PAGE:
Who provides care for people dying of cancer? A comparison of a rural and metropolitan cohort in a South Australian bereaved population study

Catherine Burns, Eleonora Dal Grande, Jennifer Tieman, Amy Abernethy, David Currow

    Research output: Contribution to journalArticle

    8 Citations (Scopus)

    Abstract

    Objective: To examine and compare urban and rural palliative care service availability and patterns of care from randomised, population-based surveys of caregivers of people at the end of life. Design, Setting & Participants: Survey responses on the death of 'someone close' from 23,588 interviews of South Australians conducted between 2001 and 2007 are analysed. Interventions: A randomised population survey. Main Outcome Measures: Explored palliative care service availability, caregiving provided, and characteristics of the deceased and their caregivers. Results: There was no difference in reported rates of accessing specialist palliative care services between rural and urban respondents (in unadjusted and adjusted analyses) nor did the proportion of people for whom cancer was their life-limiting illness. There was greater reliance on friends than first degree relatives in hands-on care provided at the end of life in rural settings. The rates of reported need for more support did not differ between urban and rural respondents for caregivers of people at the end of life. Conclusion: Use of palliative care services was similar for rural and urban caregivers for someone close at the end of life with similar levels of met and unmet needs.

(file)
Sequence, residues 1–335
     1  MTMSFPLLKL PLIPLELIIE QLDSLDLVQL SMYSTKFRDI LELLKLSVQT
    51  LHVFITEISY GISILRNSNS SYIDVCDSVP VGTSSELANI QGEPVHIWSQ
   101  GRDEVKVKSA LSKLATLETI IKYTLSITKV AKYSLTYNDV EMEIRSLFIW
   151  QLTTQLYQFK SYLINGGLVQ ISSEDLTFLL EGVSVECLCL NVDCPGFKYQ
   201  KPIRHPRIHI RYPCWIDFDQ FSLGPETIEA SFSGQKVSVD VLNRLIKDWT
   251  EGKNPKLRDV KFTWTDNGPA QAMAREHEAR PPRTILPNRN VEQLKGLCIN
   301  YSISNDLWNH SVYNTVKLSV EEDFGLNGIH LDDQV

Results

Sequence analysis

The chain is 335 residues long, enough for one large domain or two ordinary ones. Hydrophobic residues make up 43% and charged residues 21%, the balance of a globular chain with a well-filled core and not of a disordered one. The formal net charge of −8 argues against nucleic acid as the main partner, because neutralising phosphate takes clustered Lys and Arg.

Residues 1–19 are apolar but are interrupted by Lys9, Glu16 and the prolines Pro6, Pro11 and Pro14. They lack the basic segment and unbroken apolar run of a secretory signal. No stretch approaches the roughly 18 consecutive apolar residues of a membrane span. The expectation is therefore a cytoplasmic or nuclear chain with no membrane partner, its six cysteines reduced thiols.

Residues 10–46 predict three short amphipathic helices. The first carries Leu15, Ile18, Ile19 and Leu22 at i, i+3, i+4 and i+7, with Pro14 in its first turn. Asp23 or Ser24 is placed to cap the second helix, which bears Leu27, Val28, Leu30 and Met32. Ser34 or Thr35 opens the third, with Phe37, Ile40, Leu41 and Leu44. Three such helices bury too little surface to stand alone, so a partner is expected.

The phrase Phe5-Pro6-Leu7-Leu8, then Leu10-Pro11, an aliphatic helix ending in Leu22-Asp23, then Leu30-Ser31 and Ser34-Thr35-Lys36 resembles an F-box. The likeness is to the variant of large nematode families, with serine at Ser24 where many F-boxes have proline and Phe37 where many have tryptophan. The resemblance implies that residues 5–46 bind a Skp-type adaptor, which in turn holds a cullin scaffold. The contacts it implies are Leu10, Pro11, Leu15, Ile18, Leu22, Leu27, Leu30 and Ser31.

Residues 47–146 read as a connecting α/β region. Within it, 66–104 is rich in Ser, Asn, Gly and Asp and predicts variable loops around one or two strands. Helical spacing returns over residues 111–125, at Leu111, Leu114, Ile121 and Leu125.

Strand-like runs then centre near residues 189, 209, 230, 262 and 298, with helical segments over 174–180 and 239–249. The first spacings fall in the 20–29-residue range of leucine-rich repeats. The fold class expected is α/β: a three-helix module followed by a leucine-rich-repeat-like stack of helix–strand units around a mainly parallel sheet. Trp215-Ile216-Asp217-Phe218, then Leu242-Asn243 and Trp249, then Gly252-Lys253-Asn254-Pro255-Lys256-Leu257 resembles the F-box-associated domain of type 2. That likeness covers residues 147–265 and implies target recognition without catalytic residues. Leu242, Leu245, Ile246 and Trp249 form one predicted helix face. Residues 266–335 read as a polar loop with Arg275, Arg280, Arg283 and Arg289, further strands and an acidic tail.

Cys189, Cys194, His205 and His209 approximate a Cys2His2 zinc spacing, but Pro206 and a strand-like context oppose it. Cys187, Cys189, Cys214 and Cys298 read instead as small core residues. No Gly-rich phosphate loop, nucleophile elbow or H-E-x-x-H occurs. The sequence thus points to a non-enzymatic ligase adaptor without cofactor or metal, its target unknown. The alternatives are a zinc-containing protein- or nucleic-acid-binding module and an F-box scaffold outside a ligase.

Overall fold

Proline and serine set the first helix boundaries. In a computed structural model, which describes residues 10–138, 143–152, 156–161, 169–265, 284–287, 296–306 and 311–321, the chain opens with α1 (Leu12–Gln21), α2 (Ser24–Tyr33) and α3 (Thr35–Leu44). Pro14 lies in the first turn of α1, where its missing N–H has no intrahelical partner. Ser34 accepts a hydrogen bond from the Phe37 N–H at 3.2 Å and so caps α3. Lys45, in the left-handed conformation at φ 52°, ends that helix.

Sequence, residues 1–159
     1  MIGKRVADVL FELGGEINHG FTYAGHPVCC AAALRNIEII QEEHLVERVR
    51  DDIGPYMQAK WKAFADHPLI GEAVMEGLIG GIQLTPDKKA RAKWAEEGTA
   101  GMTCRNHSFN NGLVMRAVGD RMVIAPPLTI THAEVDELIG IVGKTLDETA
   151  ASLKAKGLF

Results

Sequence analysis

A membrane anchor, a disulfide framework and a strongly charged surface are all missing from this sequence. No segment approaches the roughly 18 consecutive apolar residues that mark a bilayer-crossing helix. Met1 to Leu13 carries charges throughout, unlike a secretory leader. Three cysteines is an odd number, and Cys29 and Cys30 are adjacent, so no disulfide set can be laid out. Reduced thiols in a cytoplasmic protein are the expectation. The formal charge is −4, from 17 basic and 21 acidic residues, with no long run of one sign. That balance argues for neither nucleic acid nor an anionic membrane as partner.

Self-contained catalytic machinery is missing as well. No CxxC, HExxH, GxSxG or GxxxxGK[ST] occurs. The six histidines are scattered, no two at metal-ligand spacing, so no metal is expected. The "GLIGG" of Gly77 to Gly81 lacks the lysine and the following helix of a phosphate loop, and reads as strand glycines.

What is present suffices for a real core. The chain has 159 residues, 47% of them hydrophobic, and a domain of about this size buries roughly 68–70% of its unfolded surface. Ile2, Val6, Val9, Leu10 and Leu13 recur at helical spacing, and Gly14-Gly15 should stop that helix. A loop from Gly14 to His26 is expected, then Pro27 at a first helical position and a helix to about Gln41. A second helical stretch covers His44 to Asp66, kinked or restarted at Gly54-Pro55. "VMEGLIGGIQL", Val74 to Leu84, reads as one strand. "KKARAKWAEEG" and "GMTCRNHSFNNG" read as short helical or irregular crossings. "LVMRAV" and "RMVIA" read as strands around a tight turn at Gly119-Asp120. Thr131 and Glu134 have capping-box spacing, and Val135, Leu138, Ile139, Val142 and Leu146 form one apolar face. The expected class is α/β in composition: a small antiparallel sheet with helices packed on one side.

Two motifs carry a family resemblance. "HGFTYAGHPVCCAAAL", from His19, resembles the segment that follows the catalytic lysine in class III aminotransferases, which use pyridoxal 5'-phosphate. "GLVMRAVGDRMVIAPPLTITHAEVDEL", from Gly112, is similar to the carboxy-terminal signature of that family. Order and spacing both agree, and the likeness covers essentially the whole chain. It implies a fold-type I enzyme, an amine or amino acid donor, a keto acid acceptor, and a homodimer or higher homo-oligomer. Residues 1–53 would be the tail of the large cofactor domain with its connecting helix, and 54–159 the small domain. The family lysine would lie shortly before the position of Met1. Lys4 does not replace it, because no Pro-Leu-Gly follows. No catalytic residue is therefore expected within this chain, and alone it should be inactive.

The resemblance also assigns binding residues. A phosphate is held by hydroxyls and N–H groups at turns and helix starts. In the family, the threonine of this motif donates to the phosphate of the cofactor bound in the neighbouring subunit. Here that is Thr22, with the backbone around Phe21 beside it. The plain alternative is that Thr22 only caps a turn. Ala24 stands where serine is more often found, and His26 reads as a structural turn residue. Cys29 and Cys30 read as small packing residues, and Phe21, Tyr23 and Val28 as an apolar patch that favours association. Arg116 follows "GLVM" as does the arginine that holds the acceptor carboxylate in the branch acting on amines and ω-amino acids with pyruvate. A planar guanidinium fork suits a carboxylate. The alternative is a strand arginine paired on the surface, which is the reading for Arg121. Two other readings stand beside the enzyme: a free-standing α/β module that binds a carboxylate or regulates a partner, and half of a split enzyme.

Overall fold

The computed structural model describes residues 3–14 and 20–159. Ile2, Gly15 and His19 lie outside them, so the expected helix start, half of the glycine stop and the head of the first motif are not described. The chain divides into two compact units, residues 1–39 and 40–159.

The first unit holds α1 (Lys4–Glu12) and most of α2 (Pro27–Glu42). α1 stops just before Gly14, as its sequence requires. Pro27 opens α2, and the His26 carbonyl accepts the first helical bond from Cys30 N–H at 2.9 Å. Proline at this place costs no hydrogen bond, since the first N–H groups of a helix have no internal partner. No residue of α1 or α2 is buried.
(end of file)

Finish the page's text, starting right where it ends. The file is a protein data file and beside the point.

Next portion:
Original languageEnglish
    Pages (from-to)24-31
    Number of pages8
    JournalAustralian Journal of Rural Health
    Volume23
    Issue number1
    DOIs
    Publication statusPublished - 2015

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